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Peace Is in the Eye of the Beholder
Posted on Jan 19, 2009
By Chris Hedges
The Palestinian reaction to Israeli occupation should be familiar to Israelis. Tzipi Livni, Israel’s foreign minister, says that the Israeli government will have no dealings with Hamas terrorists. But Tzipi Livni’s father was Eitan Livni, the chief operations officer of the terrorist Irgun Zvai Leumi, which fought against the British occupation of Palestine. The underground Jewish group set off a massive bomb in the King David hotel in Jerusalem, a blast in which 91 victims were killed, including four Jews. These Jewish terrorists hanged two British sergeants and booby-trapped their corpses. Irgun, together with the terrorist Stern gang, massacred 254 Palestinians in 1948 in the village of Deir Yassin. Tell me the moral difference between Irgun Zvai Leumi, the Stern gang and Hamas. I fail to see one.
Israel hopes to cut a deal with Palestinian President Mahmoud Abbas of Fatah. But the Israeli government squandered the chance to make a deal with Fatah. Israel once could have negotiated with the Fatah leader, Yasser Arafat, but it steadfastly refused. Arafat’s life ended with him surrounded by Israeli troops and unable to leave his bunker in Ramallah. Hamas, because of Fatah’s corruption and incompetence, won the Palestinian election in 2006. And all the bombing and shelling will not make Hamas, or some even more radical version, go away. Israeli will have to negotiate with Hamas or with no one.
War always opens a Pandora’s box of new problems, new disasters, increased suffering and dilemmas. It becomes its own culture. It radically alters reality through massive acts of industrial slaughter. Saddam Hussein was a tyrant. Hamas is a distasteful and morally bankrupt organization. But the utopian project to bend Gaza, Iraq and Afghanistan by force to our will has created a hell on earth for Iraqis, Afghans and Palestinians and only enflamed these conflicts. The killings carried out by the United States and Israel dwarf the massacres carried out by Saddam Hussein, including his genocidal campaigns against the Kurds and the Shiites. We have become terribly efficient killers and the most potent recruiters for the region’s jihadists.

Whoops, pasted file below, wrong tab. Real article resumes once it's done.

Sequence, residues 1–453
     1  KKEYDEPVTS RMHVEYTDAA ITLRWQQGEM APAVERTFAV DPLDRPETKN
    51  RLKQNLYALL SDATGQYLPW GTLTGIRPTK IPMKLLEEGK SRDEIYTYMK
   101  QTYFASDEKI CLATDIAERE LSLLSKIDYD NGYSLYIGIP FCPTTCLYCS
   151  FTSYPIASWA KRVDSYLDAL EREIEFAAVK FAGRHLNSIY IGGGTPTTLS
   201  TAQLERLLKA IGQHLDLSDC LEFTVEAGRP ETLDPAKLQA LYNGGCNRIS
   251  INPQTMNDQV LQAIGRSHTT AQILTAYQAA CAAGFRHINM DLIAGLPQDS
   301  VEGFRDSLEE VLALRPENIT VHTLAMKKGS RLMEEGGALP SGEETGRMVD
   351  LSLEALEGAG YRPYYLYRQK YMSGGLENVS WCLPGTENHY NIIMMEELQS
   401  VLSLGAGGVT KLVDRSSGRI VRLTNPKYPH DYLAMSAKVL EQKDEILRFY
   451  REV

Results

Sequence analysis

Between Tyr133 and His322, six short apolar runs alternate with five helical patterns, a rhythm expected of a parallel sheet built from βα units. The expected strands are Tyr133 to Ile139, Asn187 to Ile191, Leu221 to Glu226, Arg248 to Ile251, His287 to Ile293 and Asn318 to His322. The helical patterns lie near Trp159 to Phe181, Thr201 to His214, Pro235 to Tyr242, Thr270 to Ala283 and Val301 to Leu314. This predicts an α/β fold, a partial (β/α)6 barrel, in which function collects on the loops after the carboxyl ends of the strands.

The echoes of Israel’s ruthless slaughter in Gaza, and our slaughters in Iraq and Afghanistan, will reverberate in the months and years ahead in expanded acts of terrorism and a new implacable militancy by the Palestinians and the Muslim world. There is a cause and effect. And those who tell the grieving families in Gaza or Iraq or Afghanistan to use moral suasion and nonviolence to counter tank blasts and airstrikes in crowded neighborhoods are as self-deluded as pro-war Israeli and American politicians who think they can blast their way to a solution.
Square, Site wide
The military occupation of Gaza, Iraq and Afghanistan has failed. It has furthered the spread of failed states. It has increased authoritarianism, savage violence, instability and anarchy. It has swelled the ranks of our real enemies—the Islamic terrorists—and opened up voids of lawlessness where they can operate and plot against us. It has nearly scuttled the art of diplomacy. It has left us, like Israel, an outlaw state creating more outlaw states.
The rise of militarism is a familiar path taken by collapsing states. Militarism arrests social decay. It shoves this decay underground where it cannot be challenged by critics and social movements. Those who launch crusades hold out beautiful fantasies of freedom, liberation and peace. But the impossibility of these utopian dreams always turns these projects for human advancement into squalid justifications for atrocity. Realism, as John N. Gray writes, “requires a discipline of thought that may be too austere for a culture that prizes psychological comfort above anything else, and it is a reasonable question whether western liberal societies are capable of the moral effort that is involved in setting aside hopes of world-transformation.”
It is realism, an unflinching acceptance of our stark and severe limitations and an end to self-delusional utopian visions—those that embrace force and those that do not—that we must accept if we are to survive as a nation and finally as a species. We have to deal with the world as it is, not as we would like it to be. We have to stand in the shoes of those we brand as the enemy. We have to see ourselves as others see us. Israel must negotiate with Hamas and end its occupation of Gaza and the West Bank to secure a lasting peace. We must withdraw our troops from Iraq and Afghanistan and negotiate with those arrayed against us to find stability. Until this happens, we all remain trapped on a merry-go-round of death.
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